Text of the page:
The deadline to file recounts with the state recount commission has passed. Despite close contests in both the Democratic presidential race as well as that party’s gubernatorial primary, no one has filed for a recount. No one has found reason to question the results our closely watched, closely contested statewide election.
With the Supreme Court’s decision, election leaders across the country can now confidently move forward with their efforts to protect voters and improve the integrity of the election process. Mississippi, Missouri, Wisconsin, Massachusetts, Kansas, Illinois, Oklahoma and Texas are all states where photo ID requirements were debated and voted on in legislatures this year, and scores of other states have called my office wanting details on the law.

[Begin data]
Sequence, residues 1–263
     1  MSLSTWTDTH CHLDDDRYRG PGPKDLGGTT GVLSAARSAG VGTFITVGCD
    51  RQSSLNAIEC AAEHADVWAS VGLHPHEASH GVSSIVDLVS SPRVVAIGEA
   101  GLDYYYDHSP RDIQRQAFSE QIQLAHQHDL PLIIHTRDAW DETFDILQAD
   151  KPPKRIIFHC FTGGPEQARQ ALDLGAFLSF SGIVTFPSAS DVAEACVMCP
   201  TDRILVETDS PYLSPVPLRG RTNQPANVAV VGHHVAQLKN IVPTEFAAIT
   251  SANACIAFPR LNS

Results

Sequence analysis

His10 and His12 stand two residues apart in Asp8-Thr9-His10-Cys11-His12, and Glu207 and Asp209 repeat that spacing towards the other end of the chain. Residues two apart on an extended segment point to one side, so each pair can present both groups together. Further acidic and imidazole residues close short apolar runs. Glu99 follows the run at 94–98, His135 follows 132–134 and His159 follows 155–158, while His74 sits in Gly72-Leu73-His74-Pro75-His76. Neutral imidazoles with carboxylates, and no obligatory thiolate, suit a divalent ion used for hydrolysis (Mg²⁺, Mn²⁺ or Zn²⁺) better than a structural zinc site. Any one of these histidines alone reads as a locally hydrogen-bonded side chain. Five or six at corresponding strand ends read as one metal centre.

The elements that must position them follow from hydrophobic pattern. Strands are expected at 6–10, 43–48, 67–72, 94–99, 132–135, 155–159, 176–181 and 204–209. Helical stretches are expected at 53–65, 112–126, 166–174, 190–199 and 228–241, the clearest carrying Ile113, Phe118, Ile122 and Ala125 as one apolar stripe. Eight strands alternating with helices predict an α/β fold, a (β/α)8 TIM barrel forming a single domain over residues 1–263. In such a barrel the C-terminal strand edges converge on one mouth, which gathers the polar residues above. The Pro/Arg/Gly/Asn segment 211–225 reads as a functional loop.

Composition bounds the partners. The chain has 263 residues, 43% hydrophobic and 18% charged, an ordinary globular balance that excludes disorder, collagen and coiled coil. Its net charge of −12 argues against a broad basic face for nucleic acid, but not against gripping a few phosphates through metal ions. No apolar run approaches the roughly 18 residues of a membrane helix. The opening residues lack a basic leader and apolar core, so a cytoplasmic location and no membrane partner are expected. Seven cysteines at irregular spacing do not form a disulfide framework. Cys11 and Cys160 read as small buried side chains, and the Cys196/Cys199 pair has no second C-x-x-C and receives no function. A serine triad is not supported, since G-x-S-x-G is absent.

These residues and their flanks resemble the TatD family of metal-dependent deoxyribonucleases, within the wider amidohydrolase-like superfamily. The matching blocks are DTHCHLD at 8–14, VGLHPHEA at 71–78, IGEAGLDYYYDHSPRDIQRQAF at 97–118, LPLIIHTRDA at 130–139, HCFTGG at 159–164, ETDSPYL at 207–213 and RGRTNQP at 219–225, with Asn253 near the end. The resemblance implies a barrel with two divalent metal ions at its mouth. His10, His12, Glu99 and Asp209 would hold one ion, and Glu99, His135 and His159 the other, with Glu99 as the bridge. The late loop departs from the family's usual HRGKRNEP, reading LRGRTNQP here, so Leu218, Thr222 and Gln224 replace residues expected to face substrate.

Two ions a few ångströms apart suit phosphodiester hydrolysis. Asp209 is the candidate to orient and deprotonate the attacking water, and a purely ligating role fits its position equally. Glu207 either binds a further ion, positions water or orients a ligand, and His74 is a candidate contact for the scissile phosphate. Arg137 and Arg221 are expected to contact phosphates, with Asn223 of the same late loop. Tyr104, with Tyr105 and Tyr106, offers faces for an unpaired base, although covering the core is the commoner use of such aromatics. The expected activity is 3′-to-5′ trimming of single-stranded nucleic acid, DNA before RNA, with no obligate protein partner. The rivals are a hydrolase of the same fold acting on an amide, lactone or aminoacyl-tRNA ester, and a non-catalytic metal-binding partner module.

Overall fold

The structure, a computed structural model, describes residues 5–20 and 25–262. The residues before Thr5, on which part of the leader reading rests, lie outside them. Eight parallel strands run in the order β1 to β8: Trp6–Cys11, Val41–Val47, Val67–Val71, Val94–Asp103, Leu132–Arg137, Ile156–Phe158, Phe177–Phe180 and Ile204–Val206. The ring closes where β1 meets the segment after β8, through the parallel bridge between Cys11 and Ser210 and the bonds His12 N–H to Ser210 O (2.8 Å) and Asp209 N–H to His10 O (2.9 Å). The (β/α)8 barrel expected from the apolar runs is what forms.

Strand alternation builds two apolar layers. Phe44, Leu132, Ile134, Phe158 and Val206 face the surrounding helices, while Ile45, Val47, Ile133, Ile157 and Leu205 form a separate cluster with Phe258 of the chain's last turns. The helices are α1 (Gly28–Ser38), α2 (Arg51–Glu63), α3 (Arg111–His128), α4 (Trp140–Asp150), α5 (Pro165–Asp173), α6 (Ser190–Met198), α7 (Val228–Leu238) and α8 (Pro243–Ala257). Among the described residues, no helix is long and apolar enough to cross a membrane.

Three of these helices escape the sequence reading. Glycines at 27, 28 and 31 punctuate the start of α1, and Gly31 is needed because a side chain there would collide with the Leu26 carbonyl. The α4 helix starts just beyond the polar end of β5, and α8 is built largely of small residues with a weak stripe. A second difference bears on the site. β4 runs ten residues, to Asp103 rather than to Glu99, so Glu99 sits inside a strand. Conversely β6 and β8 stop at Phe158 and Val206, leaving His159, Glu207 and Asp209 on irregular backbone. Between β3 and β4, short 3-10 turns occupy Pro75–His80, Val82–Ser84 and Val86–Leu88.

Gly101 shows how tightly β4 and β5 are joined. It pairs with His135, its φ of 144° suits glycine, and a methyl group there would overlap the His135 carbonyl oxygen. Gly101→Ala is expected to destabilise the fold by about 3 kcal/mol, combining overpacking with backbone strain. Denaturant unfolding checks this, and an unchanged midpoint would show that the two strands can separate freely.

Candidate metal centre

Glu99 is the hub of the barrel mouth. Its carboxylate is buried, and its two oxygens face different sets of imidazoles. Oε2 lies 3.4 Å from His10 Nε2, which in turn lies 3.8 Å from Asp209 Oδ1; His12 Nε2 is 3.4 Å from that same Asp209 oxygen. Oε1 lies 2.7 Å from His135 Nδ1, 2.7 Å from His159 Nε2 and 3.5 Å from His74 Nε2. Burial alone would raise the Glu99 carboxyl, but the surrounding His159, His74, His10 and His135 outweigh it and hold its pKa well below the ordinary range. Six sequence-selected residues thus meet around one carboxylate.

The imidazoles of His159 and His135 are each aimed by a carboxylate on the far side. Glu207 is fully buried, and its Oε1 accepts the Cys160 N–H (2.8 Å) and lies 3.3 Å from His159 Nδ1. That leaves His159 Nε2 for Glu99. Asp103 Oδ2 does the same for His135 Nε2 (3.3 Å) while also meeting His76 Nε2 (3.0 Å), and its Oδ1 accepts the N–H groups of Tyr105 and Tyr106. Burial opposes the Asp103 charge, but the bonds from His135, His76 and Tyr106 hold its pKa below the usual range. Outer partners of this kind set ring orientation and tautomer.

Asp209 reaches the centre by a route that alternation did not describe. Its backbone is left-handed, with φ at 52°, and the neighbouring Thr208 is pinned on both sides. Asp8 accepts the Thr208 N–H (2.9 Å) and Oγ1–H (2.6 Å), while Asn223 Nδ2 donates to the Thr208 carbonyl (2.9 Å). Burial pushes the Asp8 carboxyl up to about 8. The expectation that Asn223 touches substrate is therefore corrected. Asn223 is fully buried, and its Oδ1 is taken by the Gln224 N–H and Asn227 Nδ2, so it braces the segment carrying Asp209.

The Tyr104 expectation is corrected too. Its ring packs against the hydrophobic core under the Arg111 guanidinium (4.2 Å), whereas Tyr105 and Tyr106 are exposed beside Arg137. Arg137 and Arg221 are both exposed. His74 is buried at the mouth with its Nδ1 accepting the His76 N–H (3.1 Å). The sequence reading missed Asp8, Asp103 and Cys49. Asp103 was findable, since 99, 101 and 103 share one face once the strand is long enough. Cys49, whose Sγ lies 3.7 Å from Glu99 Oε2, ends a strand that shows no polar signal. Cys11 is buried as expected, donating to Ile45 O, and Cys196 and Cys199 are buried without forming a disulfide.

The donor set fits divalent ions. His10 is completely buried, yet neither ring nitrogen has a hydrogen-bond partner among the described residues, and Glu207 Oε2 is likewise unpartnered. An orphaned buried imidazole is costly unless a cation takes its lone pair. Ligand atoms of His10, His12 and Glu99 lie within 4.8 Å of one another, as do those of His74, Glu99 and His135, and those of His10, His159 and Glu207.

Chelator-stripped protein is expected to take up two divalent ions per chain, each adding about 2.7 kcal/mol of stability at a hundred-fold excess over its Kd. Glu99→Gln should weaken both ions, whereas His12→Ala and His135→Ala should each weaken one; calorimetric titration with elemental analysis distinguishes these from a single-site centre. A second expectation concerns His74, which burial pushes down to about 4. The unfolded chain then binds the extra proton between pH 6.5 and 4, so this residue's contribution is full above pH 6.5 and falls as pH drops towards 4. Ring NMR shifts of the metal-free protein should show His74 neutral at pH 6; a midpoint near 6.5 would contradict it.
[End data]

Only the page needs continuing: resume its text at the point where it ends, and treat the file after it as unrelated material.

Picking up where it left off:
Sure, my staff was in place before sunrise on primary day, ready to ensure a smooth election by helping voters find their polling places, answering questions, and looking into any polling place issues that would come up. But of the more than 1,300 calls we took that day from voters, only two even related to enforcement of Indiana’s photo ID law — neither demonstrating that someone was shut out from voting.
And even if they were, photo ID opponents fail to point out one very important Federalist notion – that states have the right to put parameters on, and therefore, introduce order into their electoral processes. To not do so would allow chaos to ensnarl the process, rendering it useless. Results would be in doubt and voter confidence shredded. The likelihood of increased participation would dwindle.